Formations Lesson for November 28- Heirs According to the Promise
November 17 2010 by Christopher Moore, minister of education, children and senior adults, Durham Memorial Baptist Church, Durham

Focal Passage: Gal. 3:23-29

The day of my swimming test had finally arrived. For almost an entire week of Boy Scout camp I had been relegated to the Red swimming area, the portion of the lake reserved for “beginner” swimmers.  Now I had my sights on the Blue area of the lake, the deep water where only “advanced” swimmers could tread. With the swimming instructions I had received over the course of the week racing through my mind, I plunged into the murky water.

Lowering my head and gritting my teeth, I swam until I could barely feel my arms. A few minutes later, I emerged from the lake a Blue swimmer. I can still remember how hard and fast my heart was beating, not from exhaustion, but from euphoria. I had done it. Now I was finally free to swim with my friends, most of whom were “advanced” swimmers already. I felt a celebration was only appropriate, so upon receiving my Blue swimmer credentials I leapt with carefree abandon into the water … of the Red area. Free or not, I wanted to stay where my feet could touch the bottom.

Perhaps in no epistle is Paul’s anger and disappointment as evident as it is in his letter to the Galatians. Why? Simply put, the Galatian congregations have somehow managed to sneak back into the Red area. Though Paul has proclaimed Christ’s grace and freedom to these believers, they’ve once again sought refuge in the law. Paul explains that, up until the time of Christ, the law served to “imprison” and “guard” (Gal. 23:3). Now Christ provides freedom. Why on earth would a person return to imprisonment instead of embracing freedom? As frightening as it sounds, many of us know exactly why someone would do that.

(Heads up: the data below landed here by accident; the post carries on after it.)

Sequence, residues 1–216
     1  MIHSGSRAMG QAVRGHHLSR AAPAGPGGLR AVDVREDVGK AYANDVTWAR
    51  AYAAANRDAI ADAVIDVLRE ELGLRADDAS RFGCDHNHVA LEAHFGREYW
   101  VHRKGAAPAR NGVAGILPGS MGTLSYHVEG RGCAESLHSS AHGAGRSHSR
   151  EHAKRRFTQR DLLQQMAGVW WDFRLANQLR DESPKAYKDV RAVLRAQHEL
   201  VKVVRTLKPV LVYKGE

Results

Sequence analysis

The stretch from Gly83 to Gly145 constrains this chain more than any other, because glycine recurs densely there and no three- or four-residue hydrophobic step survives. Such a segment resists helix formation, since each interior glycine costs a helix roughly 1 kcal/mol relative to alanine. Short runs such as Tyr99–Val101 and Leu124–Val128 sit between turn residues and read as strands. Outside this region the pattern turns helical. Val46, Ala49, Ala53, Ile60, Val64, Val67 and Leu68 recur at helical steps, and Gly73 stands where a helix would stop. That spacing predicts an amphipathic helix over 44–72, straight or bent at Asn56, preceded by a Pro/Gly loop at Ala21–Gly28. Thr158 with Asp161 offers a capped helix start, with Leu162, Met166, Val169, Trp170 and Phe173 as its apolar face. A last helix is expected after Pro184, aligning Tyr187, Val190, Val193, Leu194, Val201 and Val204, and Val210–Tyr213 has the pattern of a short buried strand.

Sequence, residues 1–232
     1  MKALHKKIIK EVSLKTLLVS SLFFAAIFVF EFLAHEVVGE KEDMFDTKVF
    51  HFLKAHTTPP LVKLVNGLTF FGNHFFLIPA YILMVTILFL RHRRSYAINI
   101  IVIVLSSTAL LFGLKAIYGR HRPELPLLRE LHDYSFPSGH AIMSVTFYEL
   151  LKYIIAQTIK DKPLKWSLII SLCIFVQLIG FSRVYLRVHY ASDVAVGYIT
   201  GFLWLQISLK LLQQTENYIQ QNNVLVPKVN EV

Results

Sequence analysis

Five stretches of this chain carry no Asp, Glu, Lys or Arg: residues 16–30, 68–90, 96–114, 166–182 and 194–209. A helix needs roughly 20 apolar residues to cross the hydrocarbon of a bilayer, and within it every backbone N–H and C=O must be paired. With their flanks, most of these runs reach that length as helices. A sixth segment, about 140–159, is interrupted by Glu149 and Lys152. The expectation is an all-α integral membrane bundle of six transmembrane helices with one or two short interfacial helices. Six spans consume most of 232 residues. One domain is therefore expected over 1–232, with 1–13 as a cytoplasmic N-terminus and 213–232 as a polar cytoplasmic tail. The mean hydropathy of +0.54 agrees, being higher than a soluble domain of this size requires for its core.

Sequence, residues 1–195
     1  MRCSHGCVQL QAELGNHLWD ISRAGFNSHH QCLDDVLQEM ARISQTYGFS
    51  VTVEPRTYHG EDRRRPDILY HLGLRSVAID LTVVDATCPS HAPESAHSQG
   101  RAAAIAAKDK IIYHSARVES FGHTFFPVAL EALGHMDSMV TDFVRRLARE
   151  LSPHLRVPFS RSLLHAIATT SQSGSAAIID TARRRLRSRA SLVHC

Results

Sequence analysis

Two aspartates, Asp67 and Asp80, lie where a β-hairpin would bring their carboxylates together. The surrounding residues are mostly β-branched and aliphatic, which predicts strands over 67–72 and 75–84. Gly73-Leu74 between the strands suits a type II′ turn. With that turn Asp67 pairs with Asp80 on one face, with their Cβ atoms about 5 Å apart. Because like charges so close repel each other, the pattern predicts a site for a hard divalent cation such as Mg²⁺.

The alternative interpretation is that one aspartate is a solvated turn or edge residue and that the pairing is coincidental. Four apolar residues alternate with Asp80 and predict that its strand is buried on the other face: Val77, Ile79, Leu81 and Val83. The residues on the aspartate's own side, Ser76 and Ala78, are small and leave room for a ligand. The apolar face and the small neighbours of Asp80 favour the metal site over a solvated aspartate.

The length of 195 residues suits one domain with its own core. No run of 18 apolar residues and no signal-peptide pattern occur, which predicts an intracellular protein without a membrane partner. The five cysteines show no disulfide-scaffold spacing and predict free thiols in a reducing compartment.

The notion of “freedom” may seem appealing, but it’s a dangerous idea. Remember that even when the Hebrews were released from slavery in Egypt, they pondered returning to captivity (Num. 14:3-4). Many felt there was greater safety in bondage than in daily reliance on God.

Likewise, humans have a proclivity to retreat into legalism. After all, legalism is more well-defined, and we feel much safer when we know the rules. Perhaps it was this way of thinking that fueled some of Jesus’ poignant words in Matthew 5. Jesus taught that both adultery and murder were more than “acts”; instead, they were matters of the heart. In short, Jesus instructs his listeners to eschew legalism, not because legalism makes following Christ seem too hard, but because legalism makes following Christ seem too easy. Being a disciple of Jesus entails more than following a checklist.

Christians must vigilantly guard themselves from legalism. Like the Galatians, if given half a chance we’ll head for the shallow water  
11/17/2010 5:36:00 AM by Christopher Moore, minister of education, children and senior adults, Durham Memorial Baptist Church, Durham | with 0 comments




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